Queensland and New South Wales are fighting over struggling airline Virgin Australia, as it seeks debt funding to stay afloat amid the economic downturn caused by the CCP virus.
Battle lines were drawn when NSW Premier Gladys Berejiklian said her government would consider all options, including luring Virgin and its subsidiary Tiger Airways to Sydney—despite the upset to Queensland-based employees.
“We’re thinking about what we can do to keep as many jobs going now, but also how we can actually start recovering the economy during this time as well,” she told reporters.
“If that means encouraging businesses to set up shop in NSW, if it means bringing jobs to our state, we’ll of course … consider all those things.”
She said her government’s responsibility is to NSW. “I don’t apologise for that,” she said.
Queensland minister Cameron Dick is just as serious about protecting Queensland’s share of Virgin’s 15,000 employees.
He warned NSW to “back off on stealing Virgin,” saying “we will stop at nothing” to keep the carrier based in Brisbane.
“New South Wales might want to bring a pea-shooter to the fight; we will bring a bazooka and we’re not afraid to use it,” he said.
“At a time when their jobs hang in the balance, the 1,200 Queensland families who depend on those head office jobs should not have to face the threat of being forced to move to Sydney,” said Dick.
Brisbane has been home to Virgin’s headquarters ever since former Labor Premier Peter Beattie provided $11 million in incentives for the airline to set up shop back in 2000.
The Morrison government has remained firm on its position that Virgin’s commercial discussions are for its board and management, and not for the government to interfere.
But federal shadow opposition treasurer Labor’s Jim Chalmers suggested to reporters that the federal treasurer was ignoring the plight of Virgin’s employees.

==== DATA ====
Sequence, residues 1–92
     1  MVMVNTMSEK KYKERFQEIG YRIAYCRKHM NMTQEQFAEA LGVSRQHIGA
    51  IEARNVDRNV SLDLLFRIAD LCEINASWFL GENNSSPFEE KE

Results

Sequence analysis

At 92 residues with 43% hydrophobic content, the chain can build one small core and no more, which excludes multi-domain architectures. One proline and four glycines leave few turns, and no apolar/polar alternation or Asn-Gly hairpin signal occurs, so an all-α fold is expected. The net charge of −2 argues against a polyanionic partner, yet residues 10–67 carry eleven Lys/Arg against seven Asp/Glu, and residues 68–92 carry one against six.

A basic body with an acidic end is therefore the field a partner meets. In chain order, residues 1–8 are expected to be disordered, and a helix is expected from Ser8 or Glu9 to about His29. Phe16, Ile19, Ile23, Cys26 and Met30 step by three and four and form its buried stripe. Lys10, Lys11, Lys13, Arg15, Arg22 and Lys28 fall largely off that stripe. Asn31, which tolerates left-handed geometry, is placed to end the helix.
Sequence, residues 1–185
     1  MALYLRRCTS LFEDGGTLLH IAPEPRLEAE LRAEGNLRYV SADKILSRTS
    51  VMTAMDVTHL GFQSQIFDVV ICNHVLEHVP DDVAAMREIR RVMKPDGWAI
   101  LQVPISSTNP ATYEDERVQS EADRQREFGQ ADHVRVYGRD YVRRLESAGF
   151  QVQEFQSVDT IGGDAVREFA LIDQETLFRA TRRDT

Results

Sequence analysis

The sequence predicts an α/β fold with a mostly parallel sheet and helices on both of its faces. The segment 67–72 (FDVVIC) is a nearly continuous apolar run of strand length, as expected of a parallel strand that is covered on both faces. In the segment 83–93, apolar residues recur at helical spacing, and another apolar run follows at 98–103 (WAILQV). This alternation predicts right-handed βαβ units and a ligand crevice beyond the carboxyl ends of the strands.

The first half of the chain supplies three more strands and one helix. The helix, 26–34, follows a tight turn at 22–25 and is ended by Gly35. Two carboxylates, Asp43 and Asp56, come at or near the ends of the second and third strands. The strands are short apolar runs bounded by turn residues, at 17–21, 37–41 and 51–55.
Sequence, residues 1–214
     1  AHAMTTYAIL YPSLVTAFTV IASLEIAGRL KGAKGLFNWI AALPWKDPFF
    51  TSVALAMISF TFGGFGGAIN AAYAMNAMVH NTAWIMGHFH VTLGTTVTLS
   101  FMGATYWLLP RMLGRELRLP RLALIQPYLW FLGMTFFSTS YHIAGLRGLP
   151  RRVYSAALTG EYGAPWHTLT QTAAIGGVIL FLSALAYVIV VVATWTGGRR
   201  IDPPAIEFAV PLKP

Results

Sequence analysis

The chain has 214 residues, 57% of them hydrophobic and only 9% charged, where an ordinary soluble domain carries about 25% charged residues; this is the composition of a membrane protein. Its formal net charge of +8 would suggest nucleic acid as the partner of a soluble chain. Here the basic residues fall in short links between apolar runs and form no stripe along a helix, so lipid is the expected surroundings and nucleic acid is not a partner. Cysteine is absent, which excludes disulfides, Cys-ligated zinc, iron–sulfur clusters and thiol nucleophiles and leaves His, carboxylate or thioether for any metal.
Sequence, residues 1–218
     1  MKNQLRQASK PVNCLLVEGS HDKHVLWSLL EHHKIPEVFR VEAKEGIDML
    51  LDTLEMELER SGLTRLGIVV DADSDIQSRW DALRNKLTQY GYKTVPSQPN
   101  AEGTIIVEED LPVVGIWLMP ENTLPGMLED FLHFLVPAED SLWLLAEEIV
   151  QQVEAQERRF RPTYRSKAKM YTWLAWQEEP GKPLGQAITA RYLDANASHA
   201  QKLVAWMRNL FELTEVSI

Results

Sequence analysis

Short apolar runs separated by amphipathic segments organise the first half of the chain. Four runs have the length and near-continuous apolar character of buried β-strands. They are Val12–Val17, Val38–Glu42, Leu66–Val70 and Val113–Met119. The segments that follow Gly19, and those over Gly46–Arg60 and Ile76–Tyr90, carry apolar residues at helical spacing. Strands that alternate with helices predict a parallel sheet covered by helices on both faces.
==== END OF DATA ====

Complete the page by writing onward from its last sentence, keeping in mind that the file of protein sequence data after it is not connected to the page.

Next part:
“[Unemployment lines will] be longer than necessary because the government refuses to step up and support 15,000 workers at Virgin airlines who are going through a very uncertain period while the government leaves them hanging,” he said on April 20.
Earlier that day, Treasurer Josh Frydenberg told Sunrise on Seven Network that he wanted to see Virgin continue to survive, but that the Australian government doesn’t want to own an airline.
He pointed out that former Labor Prime Minister Paul Keating sold Qantas Airways back in 1993.
“We believe that [Virgin’s] been hit, like many other businesses, by the global pandemic, but it also has some shareholders with very deep pockets. As you know Etihad, Singapore Airlines, Chinese-related companies, and of course Virgin International. Let’s see what those major shareholders do, but we do want to see Virgin continue to operate,” said Frydenberg.
Back in March, Virgin sought a federal loan for $1.4 billion (US$890 million). When the global pandemic hit, Virgin was already carrying about $5 billion (US$3.17 billion) in debt.
In a bid to protect thousands of jobs in the state, Queensland’s Labor government has offered $200 million (US$126 million) to help rescue Virgin, but only if it keeps its Brisbane headquarters. Their decision to bail out the airline comes during an election year for Queensland.